There is no Scala string
When you look into
Predef.scala you will find the following definition:
type String = java.lang.String
This means that
String is just a type synonym for
java.lang.String. There is no difference.
In Scala there is the so called "pimp my library" pattern (the name seems to have changed in the meantime, but this is the original name). This pattern lets you add additional behavior to an existing type (without changing the type). It is implemented using implicit conversions. This means during compile time, when necessary the compiler will inject a function that changes the pre existing type to a new type. This new type can then provide the new behavior, usually some convenience methods. When using so called value classes, this conversion comes with zero runtime costs.
Pimp my string: StringOps
Predef.scala provides such an implicit conversion for strings:
@inline implicit def augmentString(x: String): StringOps = new StringOps(x)
This function converts an object of type
String (i.e. a Java string) to an object of type
StringOps provides several convenience functions especially for Strings (e.g.
stripMargin) and some functions that make a String behave like a sequence of Chars (e.g.
Whenever you access one of these functions on a Java string, the compiler will insert a function call for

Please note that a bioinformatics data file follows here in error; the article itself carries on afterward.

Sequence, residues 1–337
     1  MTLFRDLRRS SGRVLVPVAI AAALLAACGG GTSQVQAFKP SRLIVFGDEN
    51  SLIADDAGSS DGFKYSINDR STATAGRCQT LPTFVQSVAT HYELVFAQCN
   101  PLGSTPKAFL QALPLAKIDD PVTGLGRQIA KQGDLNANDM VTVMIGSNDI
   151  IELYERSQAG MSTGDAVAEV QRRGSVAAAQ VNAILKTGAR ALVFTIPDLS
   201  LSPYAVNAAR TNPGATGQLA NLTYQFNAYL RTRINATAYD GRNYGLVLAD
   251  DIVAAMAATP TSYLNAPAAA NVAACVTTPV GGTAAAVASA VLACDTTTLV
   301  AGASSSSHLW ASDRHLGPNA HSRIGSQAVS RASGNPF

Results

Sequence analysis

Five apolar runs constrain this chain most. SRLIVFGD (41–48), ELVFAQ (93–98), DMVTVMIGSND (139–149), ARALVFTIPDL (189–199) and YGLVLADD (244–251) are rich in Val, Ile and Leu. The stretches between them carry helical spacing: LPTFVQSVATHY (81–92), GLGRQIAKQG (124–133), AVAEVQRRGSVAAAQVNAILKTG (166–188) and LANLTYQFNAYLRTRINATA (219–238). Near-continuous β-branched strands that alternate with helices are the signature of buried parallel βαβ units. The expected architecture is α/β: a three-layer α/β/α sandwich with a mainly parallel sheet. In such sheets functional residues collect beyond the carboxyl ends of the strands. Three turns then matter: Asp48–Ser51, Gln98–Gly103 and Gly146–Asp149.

augmentString to convert your plain Java string to a Scala StringOps.
Why is a string a sequence of Chars?
Scala has a very powerful API, called a monadic API. This API let you filter, transform and combine many different types with a common structure. So you can use the same API to access e.g. objects of type
List as well as objects of type
Future. It is very convenient to give this API also to strings.
With JSR 335, there will also be a monadic API in Java. But it will take some time, until plain Java stings will also get a monadic API out of the box.
Performance considerations: The way back is expensive
While converting a string to a sequence of characters has no runtime costs, the opposite way can be more expensive. When you have a sequence of chars and want it to convert to a string, there is usually no implicit conversion for this. You have to do it explicit, using
There are some special optimizations for
StringOps, i.e. for Strings considered as sequences of characters. They are indeed automatically converted back to a string. The methods in
StringOps are directly returning a string as their result when possible, e.g.
def map[B](f: (A) ⇒ B): String[B]
def filter(p: (Char) ⇒ Boolean): String
For these functions it is usually as cheap to create a string directly as it would be to create an intermediate sequence as their result.
Scala will automatically convert between sequences of characters and strings when there are no additional costs. When it is costly, you will have to make an explicit conversion. In all usual use cases you don't have to worry about this, because Scala will automatically do the right thing. In all other cases it might be useful to know, what happens behind the scenes.